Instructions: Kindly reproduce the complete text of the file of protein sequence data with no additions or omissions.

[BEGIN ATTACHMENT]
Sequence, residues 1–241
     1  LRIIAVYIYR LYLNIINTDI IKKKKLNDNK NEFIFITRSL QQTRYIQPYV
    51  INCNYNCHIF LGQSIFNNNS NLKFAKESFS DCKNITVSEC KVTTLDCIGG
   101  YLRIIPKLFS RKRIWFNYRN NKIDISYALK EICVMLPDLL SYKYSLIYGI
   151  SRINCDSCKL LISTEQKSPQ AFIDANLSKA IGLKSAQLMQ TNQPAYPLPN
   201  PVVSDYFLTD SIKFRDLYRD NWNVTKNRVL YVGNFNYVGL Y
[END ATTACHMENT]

Sequence, residues 1–241
     1  LRIIAVYIYR LYLNIINTDI IKKKKLNDNK NEFIFITRSL QQTRYIQPYV
    51  INCNYNCHIF LGQSIFNNNS NLKFAKESFS DCKNITVSEC KVTTLDCIGG
   101  YLRIIPKLFS RKRIWFNYRN NKIDISYALK EICVMLPDLL SYKYSLIYGI
   151  SRINCDSCKL LISTEQKSPQ AFIDANLSKA IGLKSAQLMQ TNQPAYPLPN
   201  PVVSDYFLTD SIKFRDLYRD NWNVTKNRVL YVGNFNYVGL Y